Sexually transmitted infections (STIs) are of major public health concern in developing countries, not least because they facilitate transmission of human immunodeficiency virus (HIV). The present article presents estimates of the prevalence, on any given day, of STIs among women in rural South Africa and the proportion who are asymptomatic, symptomatic but not seeking care, and symptomatic and seeking care. The following data sources from Hlabisa district were used: clinical surveillance for STI syndromes treated in health facilities, microbiological studies among women attending antenatal and family planning clinics, and a community survey. Population census provided denominator data. Adequacy of drug treatment was determined through quality of care surveys. Of 55,974 women aged 15-49 years, a total of 13,943 (24.9%) were infected on any given day with at least one of Trichomonas vaginalis, Neisseria gonorrhoeae, Chlamydia trachomatis, or Treponema pallidum. Of the women investigated, 6697 (48%) were asymptomatic, 6994 (50%) were symptomatic but not seeking care, 238 (1.7%) were symptomatic and would seek care, and 14 (0.3%) were seeking care on that day. Only 9 of the 14 women (65%) were adequately treated. STIs remained untreated because either women were asymptomatic or the symptoms were not recognized and acted upon. Improved case management alone is therefore unlikely to have a major public health impact. Improving partner treatment and women's awareness of symptoms is essential, while the potential of mass STI treatment needs to be explored.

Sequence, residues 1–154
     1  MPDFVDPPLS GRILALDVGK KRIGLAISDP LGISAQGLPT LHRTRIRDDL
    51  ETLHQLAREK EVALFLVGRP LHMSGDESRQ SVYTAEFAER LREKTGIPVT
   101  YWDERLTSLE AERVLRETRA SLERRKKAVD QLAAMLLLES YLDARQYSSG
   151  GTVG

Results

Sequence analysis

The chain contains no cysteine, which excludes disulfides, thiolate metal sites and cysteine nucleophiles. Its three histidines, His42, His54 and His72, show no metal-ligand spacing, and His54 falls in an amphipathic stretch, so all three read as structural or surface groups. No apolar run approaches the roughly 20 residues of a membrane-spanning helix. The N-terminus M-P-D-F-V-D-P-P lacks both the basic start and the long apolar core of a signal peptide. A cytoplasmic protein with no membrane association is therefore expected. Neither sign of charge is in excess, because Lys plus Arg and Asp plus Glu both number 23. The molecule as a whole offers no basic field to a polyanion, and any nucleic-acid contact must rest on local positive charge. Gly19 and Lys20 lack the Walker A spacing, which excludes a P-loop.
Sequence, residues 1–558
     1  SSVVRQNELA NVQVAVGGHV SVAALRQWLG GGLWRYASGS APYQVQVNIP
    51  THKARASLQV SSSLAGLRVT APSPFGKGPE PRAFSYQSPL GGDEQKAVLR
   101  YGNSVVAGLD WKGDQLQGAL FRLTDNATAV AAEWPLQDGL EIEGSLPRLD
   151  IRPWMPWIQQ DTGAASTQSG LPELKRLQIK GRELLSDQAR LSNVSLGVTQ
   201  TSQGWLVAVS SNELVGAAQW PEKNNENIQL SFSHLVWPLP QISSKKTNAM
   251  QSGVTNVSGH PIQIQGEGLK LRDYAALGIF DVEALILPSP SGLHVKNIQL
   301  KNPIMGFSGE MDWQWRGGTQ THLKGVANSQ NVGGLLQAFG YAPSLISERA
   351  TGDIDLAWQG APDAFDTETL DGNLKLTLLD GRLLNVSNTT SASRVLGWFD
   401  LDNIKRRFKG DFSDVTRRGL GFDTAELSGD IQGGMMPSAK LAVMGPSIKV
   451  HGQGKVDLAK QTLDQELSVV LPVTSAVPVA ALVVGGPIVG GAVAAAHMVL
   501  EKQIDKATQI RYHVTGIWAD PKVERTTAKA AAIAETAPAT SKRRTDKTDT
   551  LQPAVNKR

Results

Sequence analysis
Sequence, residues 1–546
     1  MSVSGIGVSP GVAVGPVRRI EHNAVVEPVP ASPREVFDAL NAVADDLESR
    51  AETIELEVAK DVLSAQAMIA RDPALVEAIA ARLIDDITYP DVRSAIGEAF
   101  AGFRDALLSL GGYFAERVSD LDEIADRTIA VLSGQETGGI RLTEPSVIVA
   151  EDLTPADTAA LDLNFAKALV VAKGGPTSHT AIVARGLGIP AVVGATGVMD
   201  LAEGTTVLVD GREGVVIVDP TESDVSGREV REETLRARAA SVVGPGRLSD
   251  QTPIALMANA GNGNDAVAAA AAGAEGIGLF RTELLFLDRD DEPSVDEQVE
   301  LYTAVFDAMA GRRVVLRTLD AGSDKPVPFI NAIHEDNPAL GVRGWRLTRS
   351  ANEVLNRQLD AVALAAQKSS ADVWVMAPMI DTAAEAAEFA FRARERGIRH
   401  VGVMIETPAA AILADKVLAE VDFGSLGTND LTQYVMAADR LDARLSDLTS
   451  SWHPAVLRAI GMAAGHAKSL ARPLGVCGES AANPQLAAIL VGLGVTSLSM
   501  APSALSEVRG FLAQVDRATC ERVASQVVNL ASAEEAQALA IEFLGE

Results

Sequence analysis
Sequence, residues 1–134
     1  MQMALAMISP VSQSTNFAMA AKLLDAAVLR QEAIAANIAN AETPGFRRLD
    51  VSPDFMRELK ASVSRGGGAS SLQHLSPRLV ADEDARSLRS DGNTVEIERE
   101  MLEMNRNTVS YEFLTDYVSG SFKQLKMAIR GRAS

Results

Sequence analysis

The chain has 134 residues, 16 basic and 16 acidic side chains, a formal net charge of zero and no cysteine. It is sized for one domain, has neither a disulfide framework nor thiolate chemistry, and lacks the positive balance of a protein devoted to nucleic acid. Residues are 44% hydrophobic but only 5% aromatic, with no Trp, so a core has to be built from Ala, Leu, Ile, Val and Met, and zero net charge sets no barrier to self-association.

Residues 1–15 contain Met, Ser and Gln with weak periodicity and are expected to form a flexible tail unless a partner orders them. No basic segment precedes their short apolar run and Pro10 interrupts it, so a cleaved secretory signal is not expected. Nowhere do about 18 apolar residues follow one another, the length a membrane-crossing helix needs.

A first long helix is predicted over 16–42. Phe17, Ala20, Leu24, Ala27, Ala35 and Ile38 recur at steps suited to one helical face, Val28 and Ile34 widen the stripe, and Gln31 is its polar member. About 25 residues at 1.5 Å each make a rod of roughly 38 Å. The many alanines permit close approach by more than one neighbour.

PIP: Estimates of the prevalence, on any given day, of sexually transmitted infections (STIs) among rural South African women and the proportion of these women who are asymptomatic, symptomatic but not seeking care, and symptomatic and seeking care were developed through reference to data from the Hlabisa health district (KwaZulu/Natal). The prevalence of HIV among women attending antenatal clinics in Hlabisa rose from 4.2% in 1992 to 22% in 1997. Data sources included clinical surveillance for STI syndromes treated in health facilities, microbiologic studies among women attending antenatal and family planning clinics, and a community survey. The 1991 population census provided denominator data. It was estimated that, on any given day, 13,943 district women 15-49 years of age were infected with at least one STI--a point prevalence of 24.9% of the resident female population in this age group. Of these women, 6697 (48%) were asymptomatic and 7246 (52%) were symptomatic. Only 252 symptomatic women (2%) sought care and, of these, just 164 (65%) received adequate treatment. The majority of women with an STI were in the 15-29 year age group. Pregnant women were significantly less likely than nonpregnant women to have an asymptomatic infection (1% vs. 59%). Among nonpregnant women, syphilis and Trichomonas vaginalis were more likely to be asymptomatic (67% and 58%, respectively) than infection with Neisseria gonorrhoeae (37%) or Chlamydia trachomatis (36%). These findings indicate that improved STI case management alone is unlikely to improve STI control. Improving women's recognition of and treatment-seeking behavior for abnormal urogenital symptoms should increase the numbers treated, but a large burden of asymptomatic infection will remain unless screening or mass treatment is considered.